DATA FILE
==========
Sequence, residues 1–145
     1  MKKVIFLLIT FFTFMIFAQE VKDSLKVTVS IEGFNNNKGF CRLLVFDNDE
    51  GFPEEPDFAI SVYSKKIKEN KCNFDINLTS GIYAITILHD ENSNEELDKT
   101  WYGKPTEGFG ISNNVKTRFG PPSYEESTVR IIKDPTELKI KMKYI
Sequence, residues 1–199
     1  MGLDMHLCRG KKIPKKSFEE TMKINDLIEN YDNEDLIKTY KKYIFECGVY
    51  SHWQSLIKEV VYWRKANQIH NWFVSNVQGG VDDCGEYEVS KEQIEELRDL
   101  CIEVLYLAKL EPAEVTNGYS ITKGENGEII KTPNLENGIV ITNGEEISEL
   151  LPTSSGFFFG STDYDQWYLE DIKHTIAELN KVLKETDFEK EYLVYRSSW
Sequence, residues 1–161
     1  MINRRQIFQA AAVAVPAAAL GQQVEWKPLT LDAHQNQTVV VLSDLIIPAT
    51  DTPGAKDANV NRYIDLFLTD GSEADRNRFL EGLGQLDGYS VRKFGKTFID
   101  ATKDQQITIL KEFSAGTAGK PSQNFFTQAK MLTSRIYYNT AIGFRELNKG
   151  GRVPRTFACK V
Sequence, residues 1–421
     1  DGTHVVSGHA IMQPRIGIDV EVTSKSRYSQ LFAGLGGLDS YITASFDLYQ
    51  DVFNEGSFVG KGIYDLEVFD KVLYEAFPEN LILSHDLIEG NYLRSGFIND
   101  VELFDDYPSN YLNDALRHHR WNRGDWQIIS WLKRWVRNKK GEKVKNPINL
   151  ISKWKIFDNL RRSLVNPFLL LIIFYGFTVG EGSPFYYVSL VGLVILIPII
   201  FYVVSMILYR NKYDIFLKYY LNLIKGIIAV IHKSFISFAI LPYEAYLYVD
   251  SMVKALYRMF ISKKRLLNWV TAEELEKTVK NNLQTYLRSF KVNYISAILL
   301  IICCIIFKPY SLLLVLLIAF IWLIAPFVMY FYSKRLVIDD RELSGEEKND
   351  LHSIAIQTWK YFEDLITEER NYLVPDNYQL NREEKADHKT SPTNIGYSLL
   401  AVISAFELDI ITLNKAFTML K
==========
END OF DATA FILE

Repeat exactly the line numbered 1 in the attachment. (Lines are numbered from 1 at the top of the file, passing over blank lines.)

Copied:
Sequence, residues 1–145